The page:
This is the controller of the main template:

app.controller('OverviewCtrl', ['$scope', '$location', '$routeParams', 'websiteService', 'helperService', function($scope, $location, $routeParams, websiteService, helperService) {
    $scope.editWebsite = function(id) {
        $location.path('/websites/edit/' + id);

This is the directive:

app.directive('wdaWebsitesOverview', function() {
    return {
        restrict: 'E',
        scope: {
            heading: '=',
            websites: '=',
            editWebsite: '&'
        templateUrl: 'views/websites-overview.html'

This is how the directive is applied in main template:

<wda-websites-overview heading="'All websites'" websites="websites" edit-website="editWebsite(id)"></wda-websites-overview>

and this is method is called from directive template (website-overview.html):

<td data-ng-click="editWebsite(website.id)">EDIT</td>

QUESTION: When EDIT is clicked, this error appears in the console:

TypeError: Cannot use 'in' operator to search for 'editWebsite' in 1

Does anyone know what goes on here?


2 Answers 2


Since you defined an expression binding (&), you need to explicitly call it with an object literal parameter containing id if you want to bind it in the HTML as edit-website="editWebsite(id)".

Indeed, Angular needs to understand what this id is in your HTML, and since it is not part of your scope, you need to add what are called "locals" to your call by doing:

data-ng-click="editWebsite({id: website.id})"

Or as an alternative:


With the controller/link code:

$scope.onClick = function(id) {
  // Ad "id" to the locals of "editWebsite" 
  $scope.editWebsite({id: id});

AngularJS includes an explanation of this in its documentation; look for the example involving "close({message: 'closing for now'})" at the following URL:


  • 1
    @floribon I know this is kind of old, but do you have an example of typescripting the callback?
    – tcrite
    Apr 5, 2017 at 15:09
  • "Often it's desirable to pass data from the isolate scope via an expression to the parent scope; this can be done by passing a map of local variable names and values into the expression wrapper function. For example, the hideDialog function takes a message to display when the dialog is hidden. This is specified in the directive by calling close({message: 'closing for now'}). Then the local variable message will be available within the on-close expression." [emph mine] Truth is stranger than fiction. I'd like to know how they picked this as the best solution for event handlers.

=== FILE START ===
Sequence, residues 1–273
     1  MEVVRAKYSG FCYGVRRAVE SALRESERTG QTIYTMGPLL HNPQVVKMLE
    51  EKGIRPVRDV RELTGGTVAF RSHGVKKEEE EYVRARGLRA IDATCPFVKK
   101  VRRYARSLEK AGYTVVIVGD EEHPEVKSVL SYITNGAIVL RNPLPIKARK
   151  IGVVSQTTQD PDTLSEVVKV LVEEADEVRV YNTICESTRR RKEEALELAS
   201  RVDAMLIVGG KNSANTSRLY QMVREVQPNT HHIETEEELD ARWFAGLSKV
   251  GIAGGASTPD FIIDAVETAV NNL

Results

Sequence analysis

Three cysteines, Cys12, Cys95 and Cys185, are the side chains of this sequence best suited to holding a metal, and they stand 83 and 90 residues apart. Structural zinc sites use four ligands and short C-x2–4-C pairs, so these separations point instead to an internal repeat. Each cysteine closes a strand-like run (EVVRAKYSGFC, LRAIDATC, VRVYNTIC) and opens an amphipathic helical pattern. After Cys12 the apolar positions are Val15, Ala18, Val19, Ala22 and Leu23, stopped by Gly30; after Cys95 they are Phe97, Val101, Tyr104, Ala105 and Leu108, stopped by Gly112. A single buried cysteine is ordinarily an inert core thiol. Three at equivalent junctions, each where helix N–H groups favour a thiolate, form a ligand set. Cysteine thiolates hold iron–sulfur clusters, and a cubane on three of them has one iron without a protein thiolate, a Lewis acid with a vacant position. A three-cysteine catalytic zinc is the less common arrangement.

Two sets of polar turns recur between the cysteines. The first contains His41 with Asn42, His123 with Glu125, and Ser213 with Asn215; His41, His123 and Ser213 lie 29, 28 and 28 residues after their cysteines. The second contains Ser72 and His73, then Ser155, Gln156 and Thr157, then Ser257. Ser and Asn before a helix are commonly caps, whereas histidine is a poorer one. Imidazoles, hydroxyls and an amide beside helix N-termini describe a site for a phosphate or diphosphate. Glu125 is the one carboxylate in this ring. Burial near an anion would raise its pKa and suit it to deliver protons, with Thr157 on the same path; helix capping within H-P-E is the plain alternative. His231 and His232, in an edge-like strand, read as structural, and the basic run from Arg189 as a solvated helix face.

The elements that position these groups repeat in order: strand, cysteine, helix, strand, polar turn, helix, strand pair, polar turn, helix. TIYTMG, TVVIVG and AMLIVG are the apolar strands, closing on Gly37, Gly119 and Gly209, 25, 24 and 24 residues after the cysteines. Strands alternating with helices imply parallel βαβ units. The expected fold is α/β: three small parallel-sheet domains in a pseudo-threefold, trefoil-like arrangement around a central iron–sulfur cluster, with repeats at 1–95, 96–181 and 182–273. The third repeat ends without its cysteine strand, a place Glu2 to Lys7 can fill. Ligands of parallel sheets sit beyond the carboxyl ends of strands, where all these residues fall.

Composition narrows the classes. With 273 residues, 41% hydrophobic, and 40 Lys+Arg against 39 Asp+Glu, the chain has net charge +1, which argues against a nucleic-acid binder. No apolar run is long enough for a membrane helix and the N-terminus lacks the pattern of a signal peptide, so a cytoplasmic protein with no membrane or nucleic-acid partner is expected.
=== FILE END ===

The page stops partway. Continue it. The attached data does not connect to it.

– ruffin
    Oct 13, 2020 at 19:39

TL;DR; - You are assuming that the bound function is being passed to the child component, as it would be in React. This is incorrect. In fact, AngularJS is parsing the string template and creating a new function, which then calls the parent function.

This generated function expects to receive an object with keys and values, rather than a plain variable.

Longer Explanation

This happens when you have bound a function using '&', and have tried to call that function from your controller, passing a plain variable rather than an object containing the name of the plain variable. The object keys are needed by the templating engine to work out how to pass values into the bound function.

eg. you have called boundFunction('cats') rather than boundFunction({value: 'cats'})

Worked Example

Say I create a component like this:

const MyComponent = {
  bindings: {
    onSearch: '&'
  controller: controller

This function (in the parent) looks like this:

onSearch(value) {
  // do search

In my parent template, I can now do this:

<my-component on-search="onSearch(value)"></my-component>

The binding here will be parsed from the string. You're not actually passing the function. AngularJS is making a function for you which calls the function. The binding created in the template can contain lots of things other than the function call.

AngularJS somehow needs to work out where to get value from, and it does this by receiving an object from the parent.

In myComponent controller, I need to do something like:

handleOnSearch(value) {
  if (this.onSearch) {
    this.onSearch({value: value})
  • 1
    Okay, someone thought this comment was superfluous, even though it'd been upvoted, so let me try again: Note that the crux of this answer is: "you have called boundFunction('cats') rather than boundFunction({value: 'cats'})"
    – ruffin
    Jun 25, 2021 at 15:17

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